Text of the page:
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Feb
7

Science Update Series: Saliva, Dental Caries and Periodontal Disease

written by CariFree

pattern recognitionIt was an interesting year in Dental Caries research. For this update series we started with about 100 articles, and pared it down to 50 that we believe broaden our knowledge and will help us better diagnose and treat our patients. Over the next several weeks we will walk through the research, feel free to ask questions or provide your experience in the comments section.

 

The series will be organized by unpacking what we refer to as the “Usual Suspects” or patterns we have identified as being the common reasons patients suffer from dental caries. Our ability to recognize and identify these patterns allow us to focus our diagnosis and treatment of the disease. The first we will tackle is saliva flow. Low saliva flow is the number one self-reported risk factor in our data base of nearly 13,000 patients. 63% of these patients self-report dry mouth or low saliva. When beginning the conversation with patients, starting with saliva is smart.

 

An interesting study that came out in December looked at saliva flow and its relationship to dental caries and periodontal disease:

Abstract

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This study examined the relationship between stimulated salivary flow rate and oral health status in an adult population. Multinomial multivariate logistic regression analysis was used to examine the associations of salivary flow rate with dental caries status and periodontal status at the individual level among 2,110 Japanese adults with ≥10 teeth. Then, a spline model was used to examine the nonlinear relationship between salivary flow rate and teeth with dental caries or periodontal disease in multilevel analysis. Odds ratios were calculated for a 1.0-mL/min reduction in salivary flow rate at a point.

 

After adjusting for confounding variables, participants with a flow rate ≤3.5 mL/min had significantly higher odds ratios for high caries status, and participants with a flow rate ≤1.4 mL/min had a higher odds ratio for broad periodontal disease, than did those with a flow rate >3.5 mL/min. In spline models, the odds ratio for teeth with dental caries or periodontal disease increased with reduced saliva secretion. The present findings suggest that decreased saliva secretion affects both dental caries and general periodontal health status. (Shimazaki Y, Fu B, Yonemoto K, Akifusa S, Shibata Y, et al. Stimulated salivary flow rate and oral health status. J Oral Sci. 2016 Dec 28. 2110 Japan Ad >10 teeth).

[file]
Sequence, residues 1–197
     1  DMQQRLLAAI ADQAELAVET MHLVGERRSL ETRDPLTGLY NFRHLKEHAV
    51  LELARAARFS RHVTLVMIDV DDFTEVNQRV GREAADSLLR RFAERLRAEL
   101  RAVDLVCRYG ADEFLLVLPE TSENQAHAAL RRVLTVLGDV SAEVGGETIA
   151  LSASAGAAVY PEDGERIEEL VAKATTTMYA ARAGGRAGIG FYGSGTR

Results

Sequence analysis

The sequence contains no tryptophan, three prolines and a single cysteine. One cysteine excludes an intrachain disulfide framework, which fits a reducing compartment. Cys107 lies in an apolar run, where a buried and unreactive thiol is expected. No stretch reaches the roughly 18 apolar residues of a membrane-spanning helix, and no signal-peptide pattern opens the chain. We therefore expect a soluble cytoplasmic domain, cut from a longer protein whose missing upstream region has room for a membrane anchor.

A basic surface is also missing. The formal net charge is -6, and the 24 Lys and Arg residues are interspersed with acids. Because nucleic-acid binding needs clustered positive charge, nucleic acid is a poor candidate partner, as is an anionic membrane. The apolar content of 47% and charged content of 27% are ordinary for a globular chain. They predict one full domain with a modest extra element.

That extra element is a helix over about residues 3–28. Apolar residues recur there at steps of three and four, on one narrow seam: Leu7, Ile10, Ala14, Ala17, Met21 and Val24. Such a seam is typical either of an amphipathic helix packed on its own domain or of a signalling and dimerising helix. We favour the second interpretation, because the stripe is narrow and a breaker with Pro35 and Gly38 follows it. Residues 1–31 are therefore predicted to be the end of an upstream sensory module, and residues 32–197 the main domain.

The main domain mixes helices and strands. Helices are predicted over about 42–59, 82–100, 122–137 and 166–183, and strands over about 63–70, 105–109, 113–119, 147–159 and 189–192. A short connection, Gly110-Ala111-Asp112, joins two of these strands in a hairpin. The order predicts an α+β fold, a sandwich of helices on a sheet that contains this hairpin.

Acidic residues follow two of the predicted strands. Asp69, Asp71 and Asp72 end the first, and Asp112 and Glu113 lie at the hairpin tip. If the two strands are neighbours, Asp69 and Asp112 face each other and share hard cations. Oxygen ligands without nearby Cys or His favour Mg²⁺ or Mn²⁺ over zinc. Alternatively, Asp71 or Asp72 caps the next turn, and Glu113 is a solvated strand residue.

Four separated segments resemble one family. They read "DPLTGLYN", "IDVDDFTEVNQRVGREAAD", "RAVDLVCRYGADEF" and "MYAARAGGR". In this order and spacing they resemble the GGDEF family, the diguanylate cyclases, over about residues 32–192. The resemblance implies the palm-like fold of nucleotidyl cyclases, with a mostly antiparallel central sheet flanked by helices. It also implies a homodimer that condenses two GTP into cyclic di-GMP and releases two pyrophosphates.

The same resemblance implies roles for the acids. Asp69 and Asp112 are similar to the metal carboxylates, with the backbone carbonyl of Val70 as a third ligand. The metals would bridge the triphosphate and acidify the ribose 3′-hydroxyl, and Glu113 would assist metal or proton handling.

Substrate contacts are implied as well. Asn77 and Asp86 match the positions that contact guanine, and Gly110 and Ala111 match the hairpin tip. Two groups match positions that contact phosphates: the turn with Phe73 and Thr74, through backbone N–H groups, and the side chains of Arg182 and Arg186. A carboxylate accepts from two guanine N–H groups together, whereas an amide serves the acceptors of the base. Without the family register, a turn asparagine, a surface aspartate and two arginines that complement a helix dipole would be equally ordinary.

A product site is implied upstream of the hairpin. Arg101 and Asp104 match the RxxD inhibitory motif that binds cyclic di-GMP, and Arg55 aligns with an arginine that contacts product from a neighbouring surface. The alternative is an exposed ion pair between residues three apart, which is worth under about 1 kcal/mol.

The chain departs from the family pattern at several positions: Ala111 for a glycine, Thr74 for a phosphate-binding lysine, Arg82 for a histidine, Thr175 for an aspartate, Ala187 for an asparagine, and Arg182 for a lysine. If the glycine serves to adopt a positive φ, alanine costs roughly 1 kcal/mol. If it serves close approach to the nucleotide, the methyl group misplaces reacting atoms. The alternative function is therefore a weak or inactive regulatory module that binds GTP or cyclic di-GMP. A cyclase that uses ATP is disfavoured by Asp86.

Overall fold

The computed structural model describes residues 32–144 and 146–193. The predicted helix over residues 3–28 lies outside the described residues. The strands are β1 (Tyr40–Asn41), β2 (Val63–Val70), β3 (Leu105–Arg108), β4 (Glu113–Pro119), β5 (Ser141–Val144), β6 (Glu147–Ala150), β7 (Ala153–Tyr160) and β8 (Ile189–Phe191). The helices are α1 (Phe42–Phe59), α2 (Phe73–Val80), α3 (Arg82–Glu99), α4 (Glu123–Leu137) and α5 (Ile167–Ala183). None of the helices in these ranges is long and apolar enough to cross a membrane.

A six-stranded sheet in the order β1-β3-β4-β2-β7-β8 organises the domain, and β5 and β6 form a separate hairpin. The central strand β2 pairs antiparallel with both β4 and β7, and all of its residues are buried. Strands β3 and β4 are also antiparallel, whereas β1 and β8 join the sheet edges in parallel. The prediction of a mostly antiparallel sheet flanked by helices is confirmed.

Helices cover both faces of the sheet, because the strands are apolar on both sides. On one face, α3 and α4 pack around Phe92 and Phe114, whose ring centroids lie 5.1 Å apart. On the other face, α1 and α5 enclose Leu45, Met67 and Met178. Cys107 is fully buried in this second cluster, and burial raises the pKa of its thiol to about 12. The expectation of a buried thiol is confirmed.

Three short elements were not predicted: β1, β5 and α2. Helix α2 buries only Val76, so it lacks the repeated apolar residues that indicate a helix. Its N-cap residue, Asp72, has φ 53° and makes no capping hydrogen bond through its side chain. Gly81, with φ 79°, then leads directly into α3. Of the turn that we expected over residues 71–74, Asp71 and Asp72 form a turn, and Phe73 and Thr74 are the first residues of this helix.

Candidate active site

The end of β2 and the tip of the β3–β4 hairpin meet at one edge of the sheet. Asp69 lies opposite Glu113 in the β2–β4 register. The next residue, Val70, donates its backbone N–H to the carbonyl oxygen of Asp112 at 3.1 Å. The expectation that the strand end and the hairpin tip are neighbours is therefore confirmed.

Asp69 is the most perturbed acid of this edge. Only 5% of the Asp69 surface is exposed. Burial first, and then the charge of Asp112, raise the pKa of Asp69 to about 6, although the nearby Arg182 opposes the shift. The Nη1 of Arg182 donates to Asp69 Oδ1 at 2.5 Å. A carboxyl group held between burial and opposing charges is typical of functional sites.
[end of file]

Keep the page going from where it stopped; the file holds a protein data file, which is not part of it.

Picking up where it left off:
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So, not only does decreased saliva flow impact risk for dental caries, but also risk for periodontal disease. How does this information impact how you assess your patients?

 

 

What do you think? Have you noticed dry mouth as a usual suspect in dental caries and/or perio in your patients?

3 Responses to “Science Update Series: Saliva, Dental Caries and Periodontal Disease”

  1. Michele

    Dry mouth associates itself with caries and perio.
    Less saliva inhibits thorough chewing of food, food trapping and lodging which inhibits tongue cleaning.
    Dry mouth is very uncomfortable as well often inhibiting thorough cleansing.

  2. Lance

    Yes, as a pediatric dentist I see it a lot especially with Asthmatic kids taking a variety of meds for that disease. Saliva? I wish they had it. Compound that with these asthma meds are high in sugar (sucrose). THen, these same kids have a dry mouth, take the meds at bedtime – a time when there is decrease saliva flow on regular people.

    I would like to throw this out to the gang here. Recent study got my attention. Kids who drink lots of soda have drier mouths. Here is the reason why: soda that has caffeine causes the drinker to urinate more thus losing fluids and these kids (who weigh much less than an adult) can get dehydrated easier. Thus, soda and caffeine leads to dehydration and thus less saliva. Add this to the amount of sugar in soda and you can see we have a ticking time bomb.

    Hope this helps.

    Lance

  3. Kenneth

    Interesting finding, that reduced salivary flow affects periodontal health. Many times I’d do a perio check on a patient that had perio pockets. Hygienist was seeing them every three months. Often these patients had no cavities and very few restorations. Decay was not their problem.
    To me periodontal disease is a bit more of a mystery. Dental decay today, I believe, is preventable.
    I’m wondering if the link between salivary flow and periodontal health is linked to a drying of the tissues and that somehow leads to periodontal breakdown.
    As to why reduced salivary flow leads to more cavities, it really should not if you don’t have the acid forming bacteria in your mouth, such as s.Mutans. Maybe giving patients with dry mouth Xylitol in water would be very helpful.

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Category: Education